Finally, 18 gold-plated beryllium hexagons will snap into place to form a segmented mirror 6.5 meters, or 21 feet, across. By then, the telescope will have reached its destination, a point called L2, floating on its sun shield and aimed at eternity.

Astronomers will then spend six months tweaking, testing and calibrating their new eye on the cosmos.

The James Webb Space Telescope, named after the NASA administrator who led the agency through the Apollo years, is a collaboration between NASA, the Canadian Space Agency and the European Space Agency. Its official mission is to explore a realm of cosmic history that was inaccessible to Hubble and every telescope before it.

“We are all here because of these stars and galaxies,” said Alan Dressler of the Carnegie Observatories in Pasadena, Calif.

That mission requires the Webb to be tuned to a different kind of light than our eyes or the Hubble can see. Because of the expansion of the cosmos, those earliest stars and galaxies are rushing away from Earth so fast that their light is shifted to longer, redder wavelengths, much as the siren from an ambulance shifts to a lower register as it speeds by.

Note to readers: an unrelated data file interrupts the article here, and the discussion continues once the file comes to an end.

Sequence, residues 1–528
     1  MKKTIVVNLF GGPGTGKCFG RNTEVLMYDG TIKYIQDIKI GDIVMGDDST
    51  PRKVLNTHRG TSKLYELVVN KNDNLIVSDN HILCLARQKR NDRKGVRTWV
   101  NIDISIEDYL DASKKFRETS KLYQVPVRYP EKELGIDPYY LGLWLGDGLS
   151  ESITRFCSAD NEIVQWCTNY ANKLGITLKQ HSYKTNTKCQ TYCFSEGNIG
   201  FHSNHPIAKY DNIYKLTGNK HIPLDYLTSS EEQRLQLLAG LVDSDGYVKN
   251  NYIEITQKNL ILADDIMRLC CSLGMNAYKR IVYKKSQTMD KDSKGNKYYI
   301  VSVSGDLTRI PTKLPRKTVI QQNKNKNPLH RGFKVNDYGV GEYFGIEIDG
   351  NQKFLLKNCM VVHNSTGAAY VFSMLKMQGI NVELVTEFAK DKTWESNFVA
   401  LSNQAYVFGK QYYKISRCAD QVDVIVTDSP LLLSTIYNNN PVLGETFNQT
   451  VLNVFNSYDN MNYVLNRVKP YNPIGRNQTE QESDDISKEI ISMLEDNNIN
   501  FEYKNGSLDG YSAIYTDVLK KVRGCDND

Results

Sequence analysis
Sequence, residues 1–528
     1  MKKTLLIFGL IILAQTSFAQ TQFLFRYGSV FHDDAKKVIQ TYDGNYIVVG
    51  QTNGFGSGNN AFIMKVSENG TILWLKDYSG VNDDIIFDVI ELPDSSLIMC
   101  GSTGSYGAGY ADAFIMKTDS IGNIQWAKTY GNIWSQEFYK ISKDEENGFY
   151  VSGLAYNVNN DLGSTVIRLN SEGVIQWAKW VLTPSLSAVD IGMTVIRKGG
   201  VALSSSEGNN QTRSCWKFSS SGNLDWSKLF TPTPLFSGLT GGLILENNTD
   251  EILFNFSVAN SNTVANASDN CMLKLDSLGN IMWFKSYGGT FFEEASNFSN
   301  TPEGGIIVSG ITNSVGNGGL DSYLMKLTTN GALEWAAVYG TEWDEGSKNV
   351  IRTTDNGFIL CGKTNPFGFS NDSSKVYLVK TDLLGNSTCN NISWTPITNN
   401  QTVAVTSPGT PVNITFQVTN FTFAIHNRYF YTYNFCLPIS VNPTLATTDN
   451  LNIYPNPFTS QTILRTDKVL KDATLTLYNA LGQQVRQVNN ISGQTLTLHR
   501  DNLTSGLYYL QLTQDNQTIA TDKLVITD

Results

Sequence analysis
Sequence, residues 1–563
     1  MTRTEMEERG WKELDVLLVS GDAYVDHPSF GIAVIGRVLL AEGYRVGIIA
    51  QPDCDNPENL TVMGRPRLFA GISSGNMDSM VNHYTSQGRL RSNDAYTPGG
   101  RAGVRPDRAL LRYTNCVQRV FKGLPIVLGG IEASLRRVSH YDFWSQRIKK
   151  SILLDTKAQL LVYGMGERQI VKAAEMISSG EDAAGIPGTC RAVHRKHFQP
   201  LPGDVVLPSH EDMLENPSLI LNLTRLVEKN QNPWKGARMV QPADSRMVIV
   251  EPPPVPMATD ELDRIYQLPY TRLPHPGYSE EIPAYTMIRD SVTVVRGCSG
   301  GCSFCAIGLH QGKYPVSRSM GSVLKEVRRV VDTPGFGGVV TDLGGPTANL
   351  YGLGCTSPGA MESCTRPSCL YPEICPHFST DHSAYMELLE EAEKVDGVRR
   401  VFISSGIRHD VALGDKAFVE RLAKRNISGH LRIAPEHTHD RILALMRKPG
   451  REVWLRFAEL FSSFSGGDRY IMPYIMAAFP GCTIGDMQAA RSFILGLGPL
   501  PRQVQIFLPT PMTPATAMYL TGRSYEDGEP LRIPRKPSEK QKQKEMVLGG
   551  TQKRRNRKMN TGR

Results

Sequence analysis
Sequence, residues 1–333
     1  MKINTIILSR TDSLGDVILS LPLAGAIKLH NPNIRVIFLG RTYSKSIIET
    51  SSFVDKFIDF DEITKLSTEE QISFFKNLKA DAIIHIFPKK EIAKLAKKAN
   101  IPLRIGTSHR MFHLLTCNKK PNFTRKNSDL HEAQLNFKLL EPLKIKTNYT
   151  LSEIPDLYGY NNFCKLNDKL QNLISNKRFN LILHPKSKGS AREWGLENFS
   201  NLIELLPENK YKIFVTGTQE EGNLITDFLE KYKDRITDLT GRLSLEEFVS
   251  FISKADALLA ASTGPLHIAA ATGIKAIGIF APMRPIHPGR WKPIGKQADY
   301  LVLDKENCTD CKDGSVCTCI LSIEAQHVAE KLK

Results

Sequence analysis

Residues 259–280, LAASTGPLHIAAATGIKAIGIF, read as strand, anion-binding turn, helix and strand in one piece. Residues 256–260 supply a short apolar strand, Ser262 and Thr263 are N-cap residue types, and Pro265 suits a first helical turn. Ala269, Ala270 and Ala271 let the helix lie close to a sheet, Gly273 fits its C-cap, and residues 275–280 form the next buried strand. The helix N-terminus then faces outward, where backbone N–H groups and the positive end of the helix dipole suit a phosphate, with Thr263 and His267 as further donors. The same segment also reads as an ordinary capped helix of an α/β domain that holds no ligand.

What began as blue light from an infant galaxy 13 billion years ago has been stretched to invisible infrared wavelengths — heat radiation — by the time it reaches us today.

To detect those faint emanations, the telescope must be very cold — less than 45 degrees Celsius above absolute zero — so that its own heat does not wash out the heat being detected. Hence the sun shield, which will shade the telescope in permanent, frigid darkness.

Even before the Hubble Space Telescope was launched, in 1990, astronomers were arguing about what should come next. Dr. Dressler was the head of a committee proposing a Next Generation Space Telescope powerful enough to see the first stars and galaxies in the universe. It would need to be at least 4 meters in diameter (Hubble’s mirror was only 2.4 meters across) and highly sensitive to infrared radiation, and it would cost $1 billion.

NASA was game, but Dan Goldin, the agency’s administrator, worried that a 4-meter telescope would not be keen-eyed enough to detect those first stars. In 1996, he marched into a meeting of the American Astronomical Society and scolded Dr. Dressler and his committee for being too cautious. The new telescope, he said, would be 8 meters wide, a drastic leap in power, cost and development time.